China's intellectual property right (IPR) watchdog is doing all it can to promote the use of legitimate software, officials said yesterday in Beijing.
Licensed software is used in all government departments, and being installed in more and more computers used by enterprises and individuals, they told a press conference held by the State Council Information Office.
To root out pirated software in its offices, the central government alone has earmarked up to 150 million yuan (US$18.5 million) to foot the bill of licensed products. Local authorities have also allocated funds for purchase of authorized software, said the National Copyright Administration of China spokesman Wang Ziqiang.
The country's piracy rate hyped by some in the United States to be as high as 70 percent in government computers, and up to 94 percent in the entire software market is "groundless," he said.
Wang was asked to comment on a recent statement by US Commerce Secretary Carlos Gutierrez, which claimed up to 70 percent of software in Chinese government computers was pirated.
Another report by the Business Software Alliance (BSA), an anti-piracy group largely comprising US software companies, alleged that between 88 and 94 percent of software used in China is unlicensed.
Wang explained government offices at various levels were required to check how many of their applications were pirated.
They then submitted their needs for licensed software to relevant government departments, which procured legal products for them from software providers.
"Now that the governments, not individual offices, are paying the bill, who would continue using pirated products at the risk of violating statutes and shouldering possible liabilities?" he said.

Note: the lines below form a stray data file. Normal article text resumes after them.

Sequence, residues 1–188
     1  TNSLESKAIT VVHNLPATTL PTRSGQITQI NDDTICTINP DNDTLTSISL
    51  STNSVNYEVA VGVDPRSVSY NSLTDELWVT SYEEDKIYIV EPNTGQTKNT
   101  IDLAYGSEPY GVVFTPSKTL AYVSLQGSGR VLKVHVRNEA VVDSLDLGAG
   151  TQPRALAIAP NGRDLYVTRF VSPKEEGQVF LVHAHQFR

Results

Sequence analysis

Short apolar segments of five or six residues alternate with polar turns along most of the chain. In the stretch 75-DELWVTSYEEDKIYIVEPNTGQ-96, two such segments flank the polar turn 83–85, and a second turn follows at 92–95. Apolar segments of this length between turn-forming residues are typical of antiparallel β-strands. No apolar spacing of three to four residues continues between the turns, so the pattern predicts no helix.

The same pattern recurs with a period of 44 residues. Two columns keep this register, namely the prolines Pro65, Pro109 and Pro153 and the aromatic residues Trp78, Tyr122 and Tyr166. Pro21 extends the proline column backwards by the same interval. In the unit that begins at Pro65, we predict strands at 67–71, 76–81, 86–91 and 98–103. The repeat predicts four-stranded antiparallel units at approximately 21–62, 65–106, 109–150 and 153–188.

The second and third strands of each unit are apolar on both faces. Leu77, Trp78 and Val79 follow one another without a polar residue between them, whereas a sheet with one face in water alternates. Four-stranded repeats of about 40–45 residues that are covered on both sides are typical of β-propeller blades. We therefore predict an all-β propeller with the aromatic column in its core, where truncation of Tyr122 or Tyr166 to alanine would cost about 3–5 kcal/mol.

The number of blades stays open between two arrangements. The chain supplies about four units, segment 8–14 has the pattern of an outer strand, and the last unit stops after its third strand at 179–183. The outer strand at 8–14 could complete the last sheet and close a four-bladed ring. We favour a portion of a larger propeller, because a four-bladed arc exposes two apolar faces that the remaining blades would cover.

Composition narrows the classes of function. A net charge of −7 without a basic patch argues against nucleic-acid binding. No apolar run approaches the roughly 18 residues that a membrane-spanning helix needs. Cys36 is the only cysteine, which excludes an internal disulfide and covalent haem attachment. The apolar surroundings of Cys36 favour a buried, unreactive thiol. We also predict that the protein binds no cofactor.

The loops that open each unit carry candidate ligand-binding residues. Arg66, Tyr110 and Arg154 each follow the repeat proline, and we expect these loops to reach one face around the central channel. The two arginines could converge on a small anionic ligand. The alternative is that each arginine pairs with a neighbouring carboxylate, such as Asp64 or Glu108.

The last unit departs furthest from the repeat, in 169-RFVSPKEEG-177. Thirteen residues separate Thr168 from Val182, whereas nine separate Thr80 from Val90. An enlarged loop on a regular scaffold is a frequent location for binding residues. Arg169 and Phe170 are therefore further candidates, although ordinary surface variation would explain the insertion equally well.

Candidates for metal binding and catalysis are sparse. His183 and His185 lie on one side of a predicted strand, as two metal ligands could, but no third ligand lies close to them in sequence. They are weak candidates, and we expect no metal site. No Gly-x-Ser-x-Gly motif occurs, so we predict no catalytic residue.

Gutierrez's statement, therefore, was not backed by facts and was groundless, he said.
In response to the BSA's allegation, Wang said: "I've found neither facts nor reasons to support the alliance's calculation of the piracy rate in China."
China's software industry output hit 390 billion yuan (US$48.1 billion) last year. If pirated software had been 11 to 12 times as much as that, it would have meant that the country's software market was worth 4,000 billion yuan (US$493.8 billion), or 25 percent of the country's gross domestic product (GDP). "Could the software sector alone make up 25 percent of a country's GDP?" he asked.
Wang also said President Hu Jintao's meeting with Microsoft Corp founder Bill Gates in Seattle on Tuesday was to give overseas investors and firms confidence in China's determination to crack down on intellectual property violations.
Piracy can be controlled with the consistent efforts of the Chinese government, Wang said.
To prevent use of pirated software, Wang's agency and the ministries of information industry and commerce mandated at the end of last month that all computers must have preloaded legal operating systems before they hit the market.
Now that authorized software is used in almost all machines in government departments, China is promoting legitimate products in enterprises, especially State-owned businesses, said Zhang Qin, deputy chief of the State Intellectual Property Office.
(China Daily April 20, 2006)